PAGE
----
Book Review: How to be a Woman by Caitlan Moran

woman

Rating: 4 / 5

I picked up How to be a Woman not knowing what to expect.  I have to say that I’m glad I did give this one a try, although right off the bat I can tell you it’s not for everyone.  Part of it is a memoir, infused with uproariously funny anecdotes of battling pubic hair and figuring out sex.  The other half though, is an honest, serious, and funny look at issues women face day in and day out, such as: the pressure to be thin, having versus not having children, abortion, and the things women do to feel feminine.  I can’t say “been there-done that” to some of the things we discusses, but I’m sure that when that time comes, I’ll have a great chuckle remembering bits of pieces of this book.

While this book, through and through, is hilarious, I think Moran’s message is a serious one. She makes very valid and honest points about sexism and climbing the corporate ladder, the struggle with body image, the problems with strip clubs, and why in the world women wear non-sensical high heels.  The best part of the book was when Moran discussed the issue of having children.  I think she totally hit the nail on the head with, “The inference of the word childless is negative: one of lack, and loss…We make women feel that their narrative has ground to a half in their thirties if they don’t “finish things” properly and have children.” (pg 234) Well, ain’t that the truth.  I’m properly in the “early 30s” category, and it is unbelievable the amount of time I sit around thinking about having children, especially how it relates (or more aptly, will temporarily derail) to my career aspirations.  As a society, we do judge women on whether or not they are mothers.  It seems that the norm is for women to have (and want children), and when we meet a women who states she does not want to be a mother, the first question is usually, “why not?”  I applaud Moran for bringing light to the fact that motherhood is not a given just because women can bear children, and for the women who can’t or choose not to become mothers, they still have a life too, and probably a more interesting and less exhaustive one.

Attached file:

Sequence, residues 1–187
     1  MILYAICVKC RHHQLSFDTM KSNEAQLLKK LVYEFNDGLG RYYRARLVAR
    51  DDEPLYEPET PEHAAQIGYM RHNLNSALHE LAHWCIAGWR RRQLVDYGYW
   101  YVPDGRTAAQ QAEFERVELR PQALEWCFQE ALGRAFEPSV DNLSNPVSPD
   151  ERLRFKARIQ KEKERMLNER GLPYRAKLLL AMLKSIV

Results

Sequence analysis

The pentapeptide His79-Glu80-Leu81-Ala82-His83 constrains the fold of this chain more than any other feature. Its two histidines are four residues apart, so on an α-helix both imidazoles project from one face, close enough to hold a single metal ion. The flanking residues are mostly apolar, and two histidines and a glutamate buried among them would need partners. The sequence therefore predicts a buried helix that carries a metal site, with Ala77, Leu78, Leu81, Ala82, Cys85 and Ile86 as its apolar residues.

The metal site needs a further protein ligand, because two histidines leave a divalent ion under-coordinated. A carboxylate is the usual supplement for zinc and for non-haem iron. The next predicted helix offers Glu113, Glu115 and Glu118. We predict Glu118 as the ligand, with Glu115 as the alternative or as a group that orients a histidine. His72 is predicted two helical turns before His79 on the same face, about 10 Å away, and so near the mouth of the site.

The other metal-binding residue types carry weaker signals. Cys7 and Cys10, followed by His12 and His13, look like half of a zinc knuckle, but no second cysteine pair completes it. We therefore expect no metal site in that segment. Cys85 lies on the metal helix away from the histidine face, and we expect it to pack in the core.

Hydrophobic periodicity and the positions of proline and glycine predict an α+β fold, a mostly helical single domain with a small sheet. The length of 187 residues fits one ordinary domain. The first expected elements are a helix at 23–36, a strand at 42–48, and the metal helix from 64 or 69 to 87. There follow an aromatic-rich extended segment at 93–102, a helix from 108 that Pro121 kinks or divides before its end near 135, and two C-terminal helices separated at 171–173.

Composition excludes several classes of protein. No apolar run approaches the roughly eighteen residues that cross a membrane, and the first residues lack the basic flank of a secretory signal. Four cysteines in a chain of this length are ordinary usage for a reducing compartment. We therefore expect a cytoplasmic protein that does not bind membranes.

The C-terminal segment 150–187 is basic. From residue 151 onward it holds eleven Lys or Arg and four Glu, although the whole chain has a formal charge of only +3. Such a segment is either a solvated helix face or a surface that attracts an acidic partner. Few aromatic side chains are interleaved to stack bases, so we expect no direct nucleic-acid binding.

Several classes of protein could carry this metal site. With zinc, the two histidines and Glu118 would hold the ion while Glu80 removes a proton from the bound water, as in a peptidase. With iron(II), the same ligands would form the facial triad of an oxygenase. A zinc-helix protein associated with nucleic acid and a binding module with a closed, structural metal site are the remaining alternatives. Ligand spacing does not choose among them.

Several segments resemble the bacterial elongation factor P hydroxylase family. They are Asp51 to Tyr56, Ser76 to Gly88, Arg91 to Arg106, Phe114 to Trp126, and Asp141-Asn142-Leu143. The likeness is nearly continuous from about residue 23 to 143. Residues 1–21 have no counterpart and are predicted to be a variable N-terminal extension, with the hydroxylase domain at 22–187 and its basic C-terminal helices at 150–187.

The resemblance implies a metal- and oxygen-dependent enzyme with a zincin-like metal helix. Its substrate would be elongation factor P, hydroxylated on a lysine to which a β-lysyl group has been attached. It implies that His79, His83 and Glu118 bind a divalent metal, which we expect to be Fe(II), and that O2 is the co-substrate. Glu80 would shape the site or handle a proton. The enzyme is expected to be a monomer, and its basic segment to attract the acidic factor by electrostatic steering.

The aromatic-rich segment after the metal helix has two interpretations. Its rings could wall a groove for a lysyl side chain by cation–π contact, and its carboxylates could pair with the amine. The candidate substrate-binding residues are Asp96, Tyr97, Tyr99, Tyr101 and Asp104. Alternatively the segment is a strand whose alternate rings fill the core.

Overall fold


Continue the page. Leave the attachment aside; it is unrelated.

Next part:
I really wish men would read this book, but with a title of How to Be a Woman, I fear that will not be the case.  However, Moran’s voice is unique, and can pretty much be described as honest and crass. The bottom line? I thoroughly enjoyed this book but it isn’t for everyone.

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